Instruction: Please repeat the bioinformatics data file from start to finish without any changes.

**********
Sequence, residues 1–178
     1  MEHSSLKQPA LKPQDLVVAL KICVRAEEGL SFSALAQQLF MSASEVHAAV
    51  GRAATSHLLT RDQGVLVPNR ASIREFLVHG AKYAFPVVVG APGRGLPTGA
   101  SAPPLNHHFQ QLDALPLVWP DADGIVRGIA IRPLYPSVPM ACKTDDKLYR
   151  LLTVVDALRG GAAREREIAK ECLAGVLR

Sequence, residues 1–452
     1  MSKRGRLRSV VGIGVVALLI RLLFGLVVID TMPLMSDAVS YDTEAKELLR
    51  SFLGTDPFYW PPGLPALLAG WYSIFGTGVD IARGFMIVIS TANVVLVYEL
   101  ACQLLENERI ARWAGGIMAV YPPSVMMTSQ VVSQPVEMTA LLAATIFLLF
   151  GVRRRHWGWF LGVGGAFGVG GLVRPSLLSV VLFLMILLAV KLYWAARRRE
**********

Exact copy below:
Sequence, residues 1–178
     1  MEHSSLKQPA LKPQDLVVAL KICVRAEEGL SFSALAQQLF MSASEVHAAV
    51  GRAATSHLLT RDQGVLVPNR ASIREFLVHG AKYAFPVVVG APGRGLPTGA
   101  SAPPLNHHFQ QLDALPLVWP DADGIVRGIA IRPLYPSVPM ACKTDDKLYR
   151  LLTVVDALRG GAAREREIAK ECLAGVLR

Sequence, residues 1–452
     1  MSKRGRLRSV VGIGVVALLI RLLFGLVVID TMPLMSDAVS YDTEAKELLR
    51  SFLGTDPFYW PPGLPALLAG WYSIFGTGVD IARGFMIVIS TANVVLVYEL
   101  ACQLLENERI ARWAGGIMAV YPPSVMMTSQ VVSQPVEMTA LLAATIFLLF
   151  GVRRRHWGWF LGVGGAFGVG GLVRPSLLSV VLFLMILLAV KLYWAARRRE